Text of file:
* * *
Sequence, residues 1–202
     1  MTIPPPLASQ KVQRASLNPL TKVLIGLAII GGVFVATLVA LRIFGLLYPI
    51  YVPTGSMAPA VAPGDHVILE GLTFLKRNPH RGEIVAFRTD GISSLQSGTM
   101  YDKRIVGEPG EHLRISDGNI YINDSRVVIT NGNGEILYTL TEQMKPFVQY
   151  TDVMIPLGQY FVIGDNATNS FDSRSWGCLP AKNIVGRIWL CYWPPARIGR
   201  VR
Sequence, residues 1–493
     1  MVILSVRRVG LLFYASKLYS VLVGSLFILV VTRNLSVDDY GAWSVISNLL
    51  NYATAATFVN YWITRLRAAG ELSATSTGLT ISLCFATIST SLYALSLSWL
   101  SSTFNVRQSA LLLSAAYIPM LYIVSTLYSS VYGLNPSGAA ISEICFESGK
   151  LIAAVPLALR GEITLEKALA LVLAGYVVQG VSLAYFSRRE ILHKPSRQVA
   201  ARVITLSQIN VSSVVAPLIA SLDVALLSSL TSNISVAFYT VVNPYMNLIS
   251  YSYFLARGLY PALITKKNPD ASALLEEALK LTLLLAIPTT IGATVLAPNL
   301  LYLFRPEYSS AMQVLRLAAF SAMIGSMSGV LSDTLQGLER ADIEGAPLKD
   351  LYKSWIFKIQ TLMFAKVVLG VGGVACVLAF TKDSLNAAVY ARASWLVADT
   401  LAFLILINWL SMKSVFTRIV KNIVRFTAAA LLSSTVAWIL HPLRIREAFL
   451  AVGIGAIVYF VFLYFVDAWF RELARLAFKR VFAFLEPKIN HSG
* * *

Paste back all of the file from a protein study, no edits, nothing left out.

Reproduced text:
Sequence, residues 1–202
     1  MTIPPPLASQ KVQRASLNPL TKVLIGLAII GGVFVATLVA LRIFGLLYPI
    51  YVPTGSMAPA VAPGDHVILE GLTFLKRNPH RGEIVAFRTD GISSLQSGTM
   101  YDKRIVGEPG EHLRISDGNI YINDSRVVIT NGNGEILYTL TEQMKPFVQY
   151  TDVMIPLGQY FVIGDNATNS FDSRSWGCLP AKNIVGRIWL CYWPPARIGR
   201  VR
Sequence, residues 1–493
     1  MVILSVRRVG LLFYASKLYS VLVGSLFILV VTRNLSVDDY GAWSVISNLL
    51  NYATAATFVN YWITRLRAAG ELSATSTGLT ISLCFATIST SLYALSLSWL
   101  SSTFNVRQSA LLLSAAYIPM LYIVSTLYSS VYGLNPSGAA ISEICFESGK
   151  LIAAVPLALR GEITLEKALA LVLAGYVVQG VSLAYFSRRE ILHKPSRQVA
   201  ARVITLSQIN VSSVVAPLIA SLDVALLSSL TSNISVAFYT VVNPYMNLIS
   251  YSYFLARGLY PALITKKNPD ASALLEEALK LTLLLAIPTT IGATVLAPNL
   301  LYLFRPEYSS AMQVLRLAAF SAMIGSMSGV LSDTLQGLER ADIEGAPLKD
   351  LYKSWIFKIQ TLMFAKVVLG VGGVACVLAF TKDSLNAAVY ARASWLVADT
   401  LAFLILINWL SMKSVFTRIV KNIVRFTAAA LLSSTVAWIL HPLRIREAFL
   451  AVGIGAIVYF VFLYFVDAWF RELARLAFKR VFAFLEPKIN HSG